The Body on Somerton Beach
In December 1948, a body was found on Somerton Beach in Adelaide, Australia. The body was a man who was dressed impeccably in a suit with polished shoes and his head was slumped against a wall. Authorities thought the case of death was heart failure or more likely, poisoning. However, during the autopsy, no trace of poison was found.
There wasn’t a wallet or any type of identification on the man and all the tags in his clothing were cut out. The fingerprints that the authorities took of him were also unidentifiable. They even put a photo of the body in the newspapers and still, no one could identify who the man was. Four months later after the body was found, detectives found a hidden pocket that was sewn on the inside of his trousers. Inside the pocket was a rolled-up piece of paper from a rare book called the Rubáiyát. The piece of paper had the words “Tamám Shud” on it which means “it has ended.” After months of looking for the exact book, authorities decide to bury the Somerton Man without identification. Although a cast was taken of the bust and he was embalmed to preserve him.
Eight months later, a man walked into the police station. He claimed that just after the body was found, he found a copy of the Rubáiyát in the back of his car that he kept parked near Somerton Beach. He thought nothing of it until he read about the search in a newspaper article. Sure enough, the book had a part of the final page that was torn and it matched the piece of paper that was found in the Somerton Man’s trousers. Inside the book were a phone number and some sort of strange code.
The phone number led the authorities to a woman named Jessica Thompson who lived nearby. During her interview, she was very evasive and even claimed she was going to faint when she saw the bust of the Somerton Man but denied knowing him. However, she said she did sell the book to a man named Alfred Boxall. Unfortunately, Alfred Boxall was still very much alive at the time and still had the copy of the Rubáiyát that Jessica had sold him. The code that was found ended up being even more unhelpful and as of today, it has still yet to be cracked.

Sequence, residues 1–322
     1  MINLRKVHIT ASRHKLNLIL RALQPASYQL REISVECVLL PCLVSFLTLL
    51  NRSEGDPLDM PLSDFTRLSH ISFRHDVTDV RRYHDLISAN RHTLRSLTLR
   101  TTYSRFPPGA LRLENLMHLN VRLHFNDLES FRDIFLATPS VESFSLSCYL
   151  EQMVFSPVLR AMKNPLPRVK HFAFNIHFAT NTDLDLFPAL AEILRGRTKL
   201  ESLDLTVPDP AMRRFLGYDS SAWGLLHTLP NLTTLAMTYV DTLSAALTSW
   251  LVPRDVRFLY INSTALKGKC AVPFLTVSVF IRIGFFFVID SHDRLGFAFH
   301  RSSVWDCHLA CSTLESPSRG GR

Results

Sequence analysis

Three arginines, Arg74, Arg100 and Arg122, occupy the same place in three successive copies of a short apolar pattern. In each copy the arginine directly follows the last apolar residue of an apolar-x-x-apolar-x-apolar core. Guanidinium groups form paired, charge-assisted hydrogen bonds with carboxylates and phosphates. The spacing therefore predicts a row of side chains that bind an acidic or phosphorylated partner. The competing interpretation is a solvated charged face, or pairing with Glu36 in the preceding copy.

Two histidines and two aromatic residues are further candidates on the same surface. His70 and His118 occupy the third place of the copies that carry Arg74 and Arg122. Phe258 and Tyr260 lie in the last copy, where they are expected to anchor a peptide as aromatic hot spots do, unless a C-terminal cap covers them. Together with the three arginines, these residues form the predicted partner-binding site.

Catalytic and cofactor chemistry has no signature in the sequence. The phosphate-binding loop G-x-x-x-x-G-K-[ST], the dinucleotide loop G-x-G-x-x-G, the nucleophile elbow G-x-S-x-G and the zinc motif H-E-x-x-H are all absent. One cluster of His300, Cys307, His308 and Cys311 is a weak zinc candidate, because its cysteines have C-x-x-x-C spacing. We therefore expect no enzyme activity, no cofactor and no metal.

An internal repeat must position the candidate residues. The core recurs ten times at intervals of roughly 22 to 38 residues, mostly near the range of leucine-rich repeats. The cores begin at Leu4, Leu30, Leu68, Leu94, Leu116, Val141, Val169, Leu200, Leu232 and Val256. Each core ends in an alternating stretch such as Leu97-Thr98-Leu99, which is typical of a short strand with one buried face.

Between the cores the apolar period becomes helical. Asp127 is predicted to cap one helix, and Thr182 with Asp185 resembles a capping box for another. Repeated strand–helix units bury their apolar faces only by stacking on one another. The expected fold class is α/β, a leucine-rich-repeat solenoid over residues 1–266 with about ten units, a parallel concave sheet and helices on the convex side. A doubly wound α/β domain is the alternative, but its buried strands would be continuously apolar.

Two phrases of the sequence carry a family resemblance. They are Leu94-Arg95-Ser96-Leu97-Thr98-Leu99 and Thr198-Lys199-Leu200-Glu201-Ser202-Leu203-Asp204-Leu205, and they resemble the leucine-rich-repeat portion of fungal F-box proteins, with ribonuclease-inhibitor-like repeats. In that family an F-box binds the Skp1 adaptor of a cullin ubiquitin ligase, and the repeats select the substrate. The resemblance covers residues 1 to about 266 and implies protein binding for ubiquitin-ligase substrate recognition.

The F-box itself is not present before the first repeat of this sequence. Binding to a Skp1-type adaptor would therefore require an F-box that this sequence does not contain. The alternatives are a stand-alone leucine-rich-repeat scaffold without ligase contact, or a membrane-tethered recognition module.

To this day, the man on Somerton Beach has yet to be ildentified.￼entified. Just follow me and wait on my next episode.
Content created and supplied by: WorldFilla (via Opera News )
Opera News is a free to use platform and the views and opinions expressed herein are solely those of the author and do not represent, reflect or express the views of Opera News. Any/all written content and images displayed are provided by the blogger/author, appear herein as submitted by the blogger/author and are unedited by Opera News. Opera News does not consent to nor does it condone the posting of any content that violates the rights (including the copyrights) of any third party, nor content that may malign, inter alia, any religion, ethnic group, organization, gender, company, or individual. Opera News furthermore does not condone the use of our platform for the purposes encouraging/endorsing hate speech, violation of human rights and/or utterances of a defamatory nature. If the content contained herein violates any of your rights, including those of copyright, and/or violates any the above mentioned factors, you are requested to immediately notify us using via the following email address operanews-external(at)opera.com and/or report the article using the available reporting functionality built into our Platform See More